The Centraal Staion end of the Zeedijk is filled with fashionable restaurants and traditional pubs. In the litltle alleys around it, are some of the city's ancient genever bars.

Soon after Zeedijk makes a 90º right turn to head South, it turns Chinese. (Head here for good value Chinese food). Be warned that there are still quite a lot of dodgy characters ) hanging around this part (despite the best efforts of the council).

Nieuwmarkt, at the southern end of Zeedijk, was until recently Amsterdam's most ill-used large public space. It has been transformed by the arrival good-value Thai restaurants and trendy pubs.

Warmoestraat cuts through the middle of the Red Light District, running between Zeedijk and Dam Square. Along it are are more pubs than any other street in Amsterdam. This is backpacker country, packed with budget hostels, happy-hour bars and coffee shops.

Around here, on the east bank of the Amstel, was the 13th century fishing village that later grew into Amsterdam.

The area bounded by the Amstel (called Rokin or Damrak closer to Centraal Station) on the East and Singel on the West.

Meaning "New Side", this was, however, part of Amsterdam's 14th century core. The section between the NZ Voorburgwal and Singel was added during the city's 15th century expansions.

Nieuwezijds Voorburgwal / Spui
It's easy to assume that this part of town is just for the tourists. But between Spui and the Dam are some of Amsterdam's hippest bars. Once famous for its squats (Vrankrijk, easy to spot because of its psychedelic paint scheme, is about the last), it's been transformed into yuppie heaven.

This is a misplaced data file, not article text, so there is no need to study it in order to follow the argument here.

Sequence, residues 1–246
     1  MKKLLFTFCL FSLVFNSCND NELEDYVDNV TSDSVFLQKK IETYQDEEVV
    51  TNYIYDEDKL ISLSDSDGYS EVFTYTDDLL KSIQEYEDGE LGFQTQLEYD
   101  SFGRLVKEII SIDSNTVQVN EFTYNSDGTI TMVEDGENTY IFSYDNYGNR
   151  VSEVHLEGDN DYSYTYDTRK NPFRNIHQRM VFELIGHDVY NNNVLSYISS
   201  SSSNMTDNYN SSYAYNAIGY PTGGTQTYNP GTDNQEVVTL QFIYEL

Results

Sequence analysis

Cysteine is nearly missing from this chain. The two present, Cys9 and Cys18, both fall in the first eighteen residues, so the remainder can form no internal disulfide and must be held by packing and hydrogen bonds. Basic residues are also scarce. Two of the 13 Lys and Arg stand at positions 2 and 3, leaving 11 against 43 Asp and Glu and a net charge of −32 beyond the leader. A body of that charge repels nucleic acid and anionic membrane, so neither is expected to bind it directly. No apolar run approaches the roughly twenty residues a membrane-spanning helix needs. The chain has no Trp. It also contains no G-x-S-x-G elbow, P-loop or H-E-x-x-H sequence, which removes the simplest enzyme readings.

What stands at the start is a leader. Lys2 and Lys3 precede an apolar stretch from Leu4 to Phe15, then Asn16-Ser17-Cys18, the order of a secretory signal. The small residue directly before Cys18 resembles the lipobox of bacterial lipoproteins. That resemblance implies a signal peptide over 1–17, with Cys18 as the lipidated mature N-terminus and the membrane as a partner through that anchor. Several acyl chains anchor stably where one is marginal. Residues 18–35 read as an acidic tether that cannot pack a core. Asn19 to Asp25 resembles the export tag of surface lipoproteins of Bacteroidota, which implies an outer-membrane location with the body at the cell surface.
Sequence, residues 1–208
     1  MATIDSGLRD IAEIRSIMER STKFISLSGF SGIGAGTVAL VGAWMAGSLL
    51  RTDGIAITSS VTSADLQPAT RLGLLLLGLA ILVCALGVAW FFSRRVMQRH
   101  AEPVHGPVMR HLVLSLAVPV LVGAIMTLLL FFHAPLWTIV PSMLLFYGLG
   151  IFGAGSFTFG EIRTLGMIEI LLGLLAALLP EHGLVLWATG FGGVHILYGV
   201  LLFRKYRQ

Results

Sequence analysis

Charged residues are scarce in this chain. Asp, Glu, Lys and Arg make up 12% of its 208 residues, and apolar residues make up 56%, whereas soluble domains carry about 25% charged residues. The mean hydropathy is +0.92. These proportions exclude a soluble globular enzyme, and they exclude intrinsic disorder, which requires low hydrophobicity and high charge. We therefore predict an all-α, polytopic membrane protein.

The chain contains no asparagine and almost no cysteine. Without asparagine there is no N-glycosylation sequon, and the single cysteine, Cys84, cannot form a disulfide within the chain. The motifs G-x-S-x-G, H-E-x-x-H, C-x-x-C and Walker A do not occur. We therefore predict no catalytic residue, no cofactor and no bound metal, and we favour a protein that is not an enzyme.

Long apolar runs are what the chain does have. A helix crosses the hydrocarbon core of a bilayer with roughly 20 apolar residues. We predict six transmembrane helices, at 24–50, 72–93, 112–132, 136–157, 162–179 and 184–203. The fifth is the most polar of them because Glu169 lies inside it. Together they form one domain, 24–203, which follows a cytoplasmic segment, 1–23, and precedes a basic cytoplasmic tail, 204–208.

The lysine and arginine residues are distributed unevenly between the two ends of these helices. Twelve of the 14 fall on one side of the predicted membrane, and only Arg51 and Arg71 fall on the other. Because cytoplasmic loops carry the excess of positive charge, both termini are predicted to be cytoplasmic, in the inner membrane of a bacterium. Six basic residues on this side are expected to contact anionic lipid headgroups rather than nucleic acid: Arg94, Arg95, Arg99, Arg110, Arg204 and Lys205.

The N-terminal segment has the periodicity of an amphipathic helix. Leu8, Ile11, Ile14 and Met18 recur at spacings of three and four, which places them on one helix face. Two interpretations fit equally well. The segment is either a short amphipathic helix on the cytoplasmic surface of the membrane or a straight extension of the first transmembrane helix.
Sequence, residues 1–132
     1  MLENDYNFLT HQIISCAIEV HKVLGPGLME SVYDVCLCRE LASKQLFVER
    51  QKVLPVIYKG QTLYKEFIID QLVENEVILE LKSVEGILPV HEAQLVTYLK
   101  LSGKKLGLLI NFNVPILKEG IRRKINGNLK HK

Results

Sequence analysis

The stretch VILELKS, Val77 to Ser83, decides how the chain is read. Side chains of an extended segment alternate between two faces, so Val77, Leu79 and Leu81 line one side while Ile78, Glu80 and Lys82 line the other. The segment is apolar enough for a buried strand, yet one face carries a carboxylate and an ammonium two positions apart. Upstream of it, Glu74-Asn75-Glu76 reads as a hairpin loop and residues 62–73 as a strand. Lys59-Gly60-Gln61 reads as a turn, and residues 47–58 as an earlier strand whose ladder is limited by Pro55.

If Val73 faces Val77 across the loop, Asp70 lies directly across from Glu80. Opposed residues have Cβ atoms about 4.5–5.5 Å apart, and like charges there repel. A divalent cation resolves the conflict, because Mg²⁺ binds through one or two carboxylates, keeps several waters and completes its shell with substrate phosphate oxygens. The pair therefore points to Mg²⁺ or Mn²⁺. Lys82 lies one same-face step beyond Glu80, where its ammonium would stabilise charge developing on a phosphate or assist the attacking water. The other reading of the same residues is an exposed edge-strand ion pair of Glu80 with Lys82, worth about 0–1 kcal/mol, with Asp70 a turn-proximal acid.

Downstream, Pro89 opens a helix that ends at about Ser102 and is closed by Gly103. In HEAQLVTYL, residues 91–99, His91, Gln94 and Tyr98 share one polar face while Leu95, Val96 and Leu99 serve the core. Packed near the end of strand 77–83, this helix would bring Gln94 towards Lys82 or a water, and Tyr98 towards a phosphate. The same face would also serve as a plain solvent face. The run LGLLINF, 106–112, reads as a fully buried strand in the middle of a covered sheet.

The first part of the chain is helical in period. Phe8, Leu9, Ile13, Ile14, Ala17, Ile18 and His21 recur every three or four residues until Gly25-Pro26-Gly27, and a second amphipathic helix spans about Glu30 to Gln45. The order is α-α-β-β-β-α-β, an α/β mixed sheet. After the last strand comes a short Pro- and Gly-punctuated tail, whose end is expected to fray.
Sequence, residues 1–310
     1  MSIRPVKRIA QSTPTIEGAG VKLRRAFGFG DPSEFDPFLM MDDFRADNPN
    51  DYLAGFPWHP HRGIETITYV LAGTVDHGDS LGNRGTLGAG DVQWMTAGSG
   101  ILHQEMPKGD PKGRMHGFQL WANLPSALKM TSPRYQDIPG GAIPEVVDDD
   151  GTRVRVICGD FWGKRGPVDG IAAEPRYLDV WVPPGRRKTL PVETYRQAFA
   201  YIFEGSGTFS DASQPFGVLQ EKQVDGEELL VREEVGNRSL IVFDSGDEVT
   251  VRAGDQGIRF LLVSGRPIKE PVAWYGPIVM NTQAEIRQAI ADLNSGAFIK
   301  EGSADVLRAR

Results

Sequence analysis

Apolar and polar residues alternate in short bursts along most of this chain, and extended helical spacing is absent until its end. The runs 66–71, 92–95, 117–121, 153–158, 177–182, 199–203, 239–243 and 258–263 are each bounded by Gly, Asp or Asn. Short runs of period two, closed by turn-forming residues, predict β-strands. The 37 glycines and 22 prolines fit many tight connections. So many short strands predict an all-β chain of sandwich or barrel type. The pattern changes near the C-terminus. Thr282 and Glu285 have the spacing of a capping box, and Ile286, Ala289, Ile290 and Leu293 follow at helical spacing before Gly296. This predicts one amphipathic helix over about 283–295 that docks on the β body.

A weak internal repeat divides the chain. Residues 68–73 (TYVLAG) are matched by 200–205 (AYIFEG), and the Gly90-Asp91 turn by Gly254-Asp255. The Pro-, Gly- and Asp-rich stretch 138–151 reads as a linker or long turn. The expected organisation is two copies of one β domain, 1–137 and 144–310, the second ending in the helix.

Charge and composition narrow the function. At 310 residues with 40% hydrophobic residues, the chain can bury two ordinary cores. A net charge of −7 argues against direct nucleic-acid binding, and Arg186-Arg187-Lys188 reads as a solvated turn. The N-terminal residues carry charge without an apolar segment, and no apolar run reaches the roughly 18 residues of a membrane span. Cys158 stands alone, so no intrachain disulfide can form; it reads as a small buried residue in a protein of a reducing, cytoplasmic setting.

A bunch of painfully hip (and crowded) bars have appeared just South of the Dam - De Diep, Seymore Likely. Not that I would go anywhere near this sort of place, unless Mikey drags me inside. Me - I'm still in search of flat caps and whippets.
De Grachten
This area is one of Europe's earliest large-scale planned developments. The concentric bands of canals are an elegant and distinctive design - making the city instantly recognisable from the air.

Along the canals themsleves are few pubs: best look in the small streets connecting them.

Leidseplein - drunken provincials.

Rembrandtsplein - drunken provincials and tourists.

Jordaan - OK . . . as long as there isn't any Dutch pub music going on.

Utrechtsestraat - real, old, local Amsterdam. Hidden away towards the East, this part of the centre has been spoilt very little. Few tourists come here. Utrechtsestraat itself has specialist shops and old-fashioned brown cafés.
Beyond Singelgracht
The older suburbs, built around between 1880 and 1930, are the best bet outside the centre.

De Pijp, once home to the Heineken brewery, is an area of densely packed 19th century flats. It has attracted students, immigrants and tarts from the day it was built. All are still well-represented, but the yuppies are beginning to creep in. There are several good local bars, a few trendy ones and one specialist beer pub. And one pub on my "secret list".